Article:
Shami went on to become the fastest Indian to reach 100 ODI wickets during the series against New Zealand, surpassing Irfan Pathan. @ AFP

There’s no denying that India pacer Mohammed Shami has put in the hard yards to revive his ODI career. Shami, who was dropped from the one-off Test against Afghanistan in June last year, was also bogged down with personal problems relating to his wife.

After battling a number of injury issues which foiled his chances of a comeback, Shami finally ticked the right boxes which has now made him a potent force at the highest level. In the ODI series in New Zealand, he was adjudged the Man of the Series for picking nine wickets in four matches at an average of 15.33. The 28-year-old went on to become the fastest Indian to reach 100 ODI wickets during the series, surpassing Irfan Pathan.

“Yes, it has been a very difficult period. I never run away from difficult circumstances. I face them bravely and always remain positive. As far as cricket is concerned, it took me nearly 18 months to recover from the knee injury and play for the country again. Not just physically, it is mentally very disturbing too. You have to be very strong to counter it. Patience is the key as the daily procedure, the recovery regime, the repetitive nature of the entire thing can irritate and depress anyone. It is difficult to sit out and watch the team playing matches without you. I will never forget that year and a half of my life after the last World Cup,” Shami told India Today in an interview on Saturday. (ALSO READ: I want to win the Australia series and dedicate it to the martyrs in the Pulwama attack: Shami)

“I am thankful to God that I have been able to make this record. There are many reasons behind it. Biggest is the unbelievably brilliant atmosphere in the dressing room, followed by the confidence that I have in ability right now and also the things that I continue to learn from our coaches.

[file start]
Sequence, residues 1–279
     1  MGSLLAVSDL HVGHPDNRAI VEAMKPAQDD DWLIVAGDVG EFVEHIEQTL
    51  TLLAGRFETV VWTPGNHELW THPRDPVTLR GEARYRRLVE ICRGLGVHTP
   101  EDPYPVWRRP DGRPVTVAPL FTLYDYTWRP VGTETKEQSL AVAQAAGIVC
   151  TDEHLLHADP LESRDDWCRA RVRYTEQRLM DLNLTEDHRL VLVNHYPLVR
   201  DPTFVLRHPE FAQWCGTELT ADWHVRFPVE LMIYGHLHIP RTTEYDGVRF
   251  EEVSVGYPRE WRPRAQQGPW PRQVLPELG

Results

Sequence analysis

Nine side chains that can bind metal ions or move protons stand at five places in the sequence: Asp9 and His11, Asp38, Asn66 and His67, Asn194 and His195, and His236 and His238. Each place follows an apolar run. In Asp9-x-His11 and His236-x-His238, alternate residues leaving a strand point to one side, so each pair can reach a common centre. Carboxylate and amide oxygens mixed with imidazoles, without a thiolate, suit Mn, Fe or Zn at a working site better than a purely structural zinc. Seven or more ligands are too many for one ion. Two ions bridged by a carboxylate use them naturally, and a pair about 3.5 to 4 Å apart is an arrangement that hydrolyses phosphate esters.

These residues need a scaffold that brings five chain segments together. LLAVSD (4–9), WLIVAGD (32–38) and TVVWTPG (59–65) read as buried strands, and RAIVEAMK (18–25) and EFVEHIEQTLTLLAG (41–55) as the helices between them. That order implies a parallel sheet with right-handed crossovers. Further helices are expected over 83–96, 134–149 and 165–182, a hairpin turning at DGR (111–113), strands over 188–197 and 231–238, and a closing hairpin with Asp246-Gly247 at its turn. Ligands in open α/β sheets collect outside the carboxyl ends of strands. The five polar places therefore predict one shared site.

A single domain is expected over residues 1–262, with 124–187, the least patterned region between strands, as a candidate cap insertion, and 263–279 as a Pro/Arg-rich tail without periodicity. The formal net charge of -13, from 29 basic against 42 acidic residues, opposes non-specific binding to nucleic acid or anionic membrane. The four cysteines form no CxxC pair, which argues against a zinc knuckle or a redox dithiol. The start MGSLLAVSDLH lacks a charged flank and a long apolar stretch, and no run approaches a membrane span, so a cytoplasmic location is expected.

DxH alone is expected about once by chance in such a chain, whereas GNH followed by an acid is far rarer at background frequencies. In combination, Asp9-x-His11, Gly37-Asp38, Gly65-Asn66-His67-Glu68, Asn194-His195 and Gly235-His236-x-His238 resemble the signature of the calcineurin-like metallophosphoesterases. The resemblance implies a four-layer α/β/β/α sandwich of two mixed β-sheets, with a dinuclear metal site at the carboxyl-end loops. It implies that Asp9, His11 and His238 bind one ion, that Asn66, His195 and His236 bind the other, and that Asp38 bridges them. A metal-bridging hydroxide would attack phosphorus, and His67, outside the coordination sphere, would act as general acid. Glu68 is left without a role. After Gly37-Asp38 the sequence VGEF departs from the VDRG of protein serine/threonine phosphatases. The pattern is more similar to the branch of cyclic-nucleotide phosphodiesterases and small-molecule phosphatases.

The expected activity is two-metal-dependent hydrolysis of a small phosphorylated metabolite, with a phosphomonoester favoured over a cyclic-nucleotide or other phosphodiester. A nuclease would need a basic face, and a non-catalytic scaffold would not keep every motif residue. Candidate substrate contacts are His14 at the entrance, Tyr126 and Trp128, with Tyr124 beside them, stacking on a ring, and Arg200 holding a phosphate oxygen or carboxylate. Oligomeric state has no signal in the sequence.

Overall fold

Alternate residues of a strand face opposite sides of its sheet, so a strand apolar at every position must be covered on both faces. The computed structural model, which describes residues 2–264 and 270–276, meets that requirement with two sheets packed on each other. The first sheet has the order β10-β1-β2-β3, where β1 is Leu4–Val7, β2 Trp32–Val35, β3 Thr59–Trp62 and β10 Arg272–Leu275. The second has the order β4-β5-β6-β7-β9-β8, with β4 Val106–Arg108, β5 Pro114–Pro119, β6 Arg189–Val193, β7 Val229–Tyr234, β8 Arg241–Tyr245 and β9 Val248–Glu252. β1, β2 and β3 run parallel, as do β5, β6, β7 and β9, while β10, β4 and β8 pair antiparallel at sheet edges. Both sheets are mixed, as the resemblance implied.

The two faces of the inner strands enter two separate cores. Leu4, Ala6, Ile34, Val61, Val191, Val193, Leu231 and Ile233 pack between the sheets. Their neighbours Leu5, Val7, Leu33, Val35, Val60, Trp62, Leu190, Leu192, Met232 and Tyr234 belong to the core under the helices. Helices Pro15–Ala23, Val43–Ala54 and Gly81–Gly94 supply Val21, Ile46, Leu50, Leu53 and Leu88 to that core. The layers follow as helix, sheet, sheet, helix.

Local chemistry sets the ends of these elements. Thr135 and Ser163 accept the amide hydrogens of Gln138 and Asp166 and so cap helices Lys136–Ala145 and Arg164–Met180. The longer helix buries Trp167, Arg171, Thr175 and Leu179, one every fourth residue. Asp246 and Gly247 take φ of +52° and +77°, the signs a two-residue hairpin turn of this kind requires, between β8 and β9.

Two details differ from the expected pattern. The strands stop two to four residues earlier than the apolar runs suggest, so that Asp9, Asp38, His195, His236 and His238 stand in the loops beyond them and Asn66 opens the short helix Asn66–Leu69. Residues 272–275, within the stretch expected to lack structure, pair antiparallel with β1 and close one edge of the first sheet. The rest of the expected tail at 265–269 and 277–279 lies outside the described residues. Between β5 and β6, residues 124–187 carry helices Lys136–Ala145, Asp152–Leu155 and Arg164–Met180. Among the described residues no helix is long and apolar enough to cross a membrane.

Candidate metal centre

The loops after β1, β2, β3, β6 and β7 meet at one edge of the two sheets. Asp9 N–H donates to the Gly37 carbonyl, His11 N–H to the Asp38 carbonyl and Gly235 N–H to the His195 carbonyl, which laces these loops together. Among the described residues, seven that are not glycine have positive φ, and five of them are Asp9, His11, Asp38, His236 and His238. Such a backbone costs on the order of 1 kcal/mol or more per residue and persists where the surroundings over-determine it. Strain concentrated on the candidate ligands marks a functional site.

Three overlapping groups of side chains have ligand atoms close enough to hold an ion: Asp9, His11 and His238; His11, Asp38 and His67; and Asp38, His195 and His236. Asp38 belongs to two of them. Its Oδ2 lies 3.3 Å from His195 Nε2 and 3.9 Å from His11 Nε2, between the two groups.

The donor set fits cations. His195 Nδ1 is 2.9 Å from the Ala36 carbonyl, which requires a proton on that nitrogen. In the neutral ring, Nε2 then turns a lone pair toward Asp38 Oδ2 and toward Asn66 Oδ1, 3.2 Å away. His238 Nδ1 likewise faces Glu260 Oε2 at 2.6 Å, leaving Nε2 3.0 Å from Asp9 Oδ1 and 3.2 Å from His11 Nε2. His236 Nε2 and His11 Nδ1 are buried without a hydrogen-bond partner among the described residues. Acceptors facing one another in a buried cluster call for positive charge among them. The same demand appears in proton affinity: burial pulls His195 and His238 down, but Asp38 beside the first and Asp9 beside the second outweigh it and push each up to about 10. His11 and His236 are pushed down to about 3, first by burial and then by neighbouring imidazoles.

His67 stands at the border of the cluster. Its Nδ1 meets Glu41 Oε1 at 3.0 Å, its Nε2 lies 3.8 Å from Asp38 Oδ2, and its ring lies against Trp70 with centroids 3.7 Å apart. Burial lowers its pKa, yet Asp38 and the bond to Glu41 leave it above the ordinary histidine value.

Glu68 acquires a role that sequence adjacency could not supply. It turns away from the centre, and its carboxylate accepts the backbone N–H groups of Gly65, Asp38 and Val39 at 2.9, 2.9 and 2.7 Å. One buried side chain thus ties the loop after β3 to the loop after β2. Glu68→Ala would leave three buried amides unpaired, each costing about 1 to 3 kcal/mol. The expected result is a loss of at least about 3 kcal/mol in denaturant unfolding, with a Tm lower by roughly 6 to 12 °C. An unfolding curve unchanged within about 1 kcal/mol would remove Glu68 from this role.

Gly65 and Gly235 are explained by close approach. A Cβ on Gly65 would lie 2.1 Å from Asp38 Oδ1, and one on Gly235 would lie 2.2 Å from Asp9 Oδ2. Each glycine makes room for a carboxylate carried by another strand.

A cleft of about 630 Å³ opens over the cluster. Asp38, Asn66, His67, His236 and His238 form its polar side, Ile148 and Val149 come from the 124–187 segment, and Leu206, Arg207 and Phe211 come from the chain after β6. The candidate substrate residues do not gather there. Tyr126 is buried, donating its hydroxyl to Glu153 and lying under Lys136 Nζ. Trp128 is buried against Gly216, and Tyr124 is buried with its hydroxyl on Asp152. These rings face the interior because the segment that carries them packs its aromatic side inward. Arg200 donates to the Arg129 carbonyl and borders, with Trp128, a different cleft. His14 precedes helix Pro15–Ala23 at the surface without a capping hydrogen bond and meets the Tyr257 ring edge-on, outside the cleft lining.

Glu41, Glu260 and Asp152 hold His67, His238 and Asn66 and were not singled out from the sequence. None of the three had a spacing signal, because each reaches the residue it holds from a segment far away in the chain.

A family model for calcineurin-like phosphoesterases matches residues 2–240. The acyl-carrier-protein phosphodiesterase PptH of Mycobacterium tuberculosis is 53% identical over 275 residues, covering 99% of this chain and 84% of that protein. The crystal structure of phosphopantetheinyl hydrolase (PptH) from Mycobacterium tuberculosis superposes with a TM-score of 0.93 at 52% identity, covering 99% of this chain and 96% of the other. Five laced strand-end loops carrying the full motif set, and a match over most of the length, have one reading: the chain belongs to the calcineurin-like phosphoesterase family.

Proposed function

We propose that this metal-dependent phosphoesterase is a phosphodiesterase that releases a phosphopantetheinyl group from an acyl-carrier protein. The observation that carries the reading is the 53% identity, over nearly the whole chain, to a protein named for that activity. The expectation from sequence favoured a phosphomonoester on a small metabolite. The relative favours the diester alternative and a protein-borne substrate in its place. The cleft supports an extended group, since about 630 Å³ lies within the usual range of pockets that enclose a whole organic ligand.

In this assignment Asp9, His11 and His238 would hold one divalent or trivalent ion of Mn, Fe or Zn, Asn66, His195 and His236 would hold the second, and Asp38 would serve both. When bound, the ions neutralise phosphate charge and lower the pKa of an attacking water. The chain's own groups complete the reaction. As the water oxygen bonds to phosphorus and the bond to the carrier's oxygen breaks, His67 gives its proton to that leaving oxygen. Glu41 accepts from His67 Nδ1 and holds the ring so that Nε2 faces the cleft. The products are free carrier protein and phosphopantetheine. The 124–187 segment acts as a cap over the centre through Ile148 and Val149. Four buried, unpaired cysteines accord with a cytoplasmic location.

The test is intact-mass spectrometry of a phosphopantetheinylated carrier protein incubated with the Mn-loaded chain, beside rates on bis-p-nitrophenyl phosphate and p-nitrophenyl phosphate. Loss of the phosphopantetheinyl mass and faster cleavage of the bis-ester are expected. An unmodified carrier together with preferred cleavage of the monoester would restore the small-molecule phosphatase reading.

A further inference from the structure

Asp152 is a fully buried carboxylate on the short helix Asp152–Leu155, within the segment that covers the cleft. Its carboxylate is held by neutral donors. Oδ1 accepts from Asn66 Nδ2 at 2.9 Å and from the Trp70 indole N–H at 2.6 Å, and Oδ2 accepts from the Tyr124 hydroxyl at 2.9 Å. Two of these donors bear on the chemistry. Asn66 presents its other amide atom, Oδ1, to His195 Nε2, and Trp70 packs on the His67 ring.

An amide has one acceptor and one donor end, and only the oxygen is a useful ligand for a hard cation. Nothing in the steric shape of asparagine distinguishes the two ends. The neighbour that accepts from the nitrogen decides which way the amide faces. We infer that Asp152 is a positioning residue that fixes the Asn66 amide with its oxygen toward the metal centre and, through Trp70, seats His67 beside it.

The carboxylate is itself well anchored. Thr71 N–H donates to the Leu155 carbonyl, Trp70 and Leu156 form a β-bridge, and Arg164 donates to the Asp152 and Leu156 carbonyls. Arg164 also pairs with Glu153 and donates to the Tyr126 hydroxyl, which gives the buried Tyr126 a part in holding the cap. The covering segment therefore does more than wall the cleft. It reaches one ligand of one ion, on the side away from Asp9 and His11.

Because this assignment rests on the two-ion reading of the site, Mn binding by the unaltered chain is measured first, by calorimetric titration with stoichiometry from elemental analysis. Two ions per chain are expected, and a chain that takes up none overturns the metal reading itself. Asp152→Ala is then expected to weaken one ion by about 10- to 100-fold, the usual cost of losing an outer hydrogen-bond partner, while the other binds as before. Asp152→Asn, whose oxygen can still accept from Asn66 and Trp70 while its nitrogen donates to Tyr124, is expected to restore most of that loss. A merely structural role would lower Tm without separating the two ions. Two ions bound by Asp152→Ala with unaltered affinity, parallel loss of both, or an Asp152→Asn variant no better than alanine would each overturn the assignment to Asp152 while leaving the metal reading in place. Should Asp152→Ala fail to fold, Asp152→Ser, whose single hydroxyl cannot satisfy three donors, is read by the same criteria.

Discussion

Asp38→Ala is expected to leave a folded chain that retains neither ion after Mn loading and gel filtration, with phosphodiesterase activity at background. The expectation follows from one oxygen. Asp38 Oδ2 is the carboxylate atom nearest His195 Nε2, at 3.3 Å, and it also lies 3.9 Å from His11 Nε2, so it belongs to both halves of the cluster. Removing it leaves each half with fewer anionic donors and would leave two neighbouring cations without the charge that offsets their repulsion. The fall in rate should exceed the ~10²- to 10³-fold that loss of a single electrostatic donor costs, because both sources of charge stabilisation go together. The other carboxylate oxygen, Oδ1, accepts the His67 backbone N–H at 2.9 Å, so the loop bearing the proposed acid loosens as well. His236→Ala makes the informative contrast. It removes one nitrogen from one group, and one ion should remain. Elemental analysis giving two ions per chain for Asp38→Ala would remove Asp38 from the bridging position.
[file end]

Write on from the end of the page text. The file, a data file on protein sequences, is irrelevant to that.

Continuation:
“Everything has contributed and combined to take me to another level. There are many minute things which bring in a lot of confidence and help us to get into the rhythm. For instance, not just on the ground, have a look at the way we (Indian players) treat each other off the field too. We enjoy every little thing. This helps a great deal.”

Shami, currently bowling his best in his career thus far, was singled out by coach Ravi Shastri as a stand-out player in the past five months. (ALSO READ: If Mohammed Shami develops a good yorker, it will be the icing on the cake: Karsan Ghavri)

“I am grateful that I have been very fit over the last seven, eight months. I want to continue focusing on my line and length. That is exactly what I did and the results are there for everyone to see. I am all ready for the ICC World Cup 2019. As you can see, I have lost weight too. I am trying to improve my fitness and focus on the game. I want to give my best,” he said.

He credited his captain Virat Kohli’s ruthlessness in attitude when it comes to fitness and performances that expedited his comeback.

“I feel the biggest factor for my comeback has been the change in the culture of the team, the fitness awakening that we have had has had a huge impact on me. I looked at others and worked on my game. I have enjoyed it fully. The fitness culture that we have in our team is amazing, you cannot even think about it. We have changed it completely in the last four or five years,” he said.

“Also, the best thing about Virat is that the players feel comfortable to discuss anything with him. A captain should know how to get the best out of each player and Virat is a master in it. The biggest plus about him as a captain is that all of us always remain chilled out, bindaas and discuss anything with him. With a free hand that he has given, we are able to achieve everything.” (ALSO READ: Relentlessness of my team is something that really pleases me: Virat Kohli)

India begin their World Cup campaign against South Africa on June 5 at Southampton. As is the case, flat tracks at England will not pose a problem to the Indian pacers, according to Shami.

“I think we will witness exciting contests in England. The wickets will be good, the conditions will be excellent. Not only the ball will be hit all over the park but will also carry for the bowlers. So, it will be a 50-50 scenario for both. Execution will be the key, how much a bowler can focus on his line and length will be the key.”

A lot of India’s success of late has been due to the success of the bowling department, but Shami feels the bowling department is a good mix of pacers and spinners. (ALSO READ: Sticking to areas where we want to bowl is the key, says Mohammed Shami)

“You need a package and we have a full package. Be it the pacers, the spinners or even the part-timers, everyone is perfect in making a contribution. The role of Kedar (Jadhav) is also brilliant in between all of us. We have fast, swing, variations and all the other qualities you can think of in the three formats. This is the reason why our bowling attack is the best in the world right now,” he explained.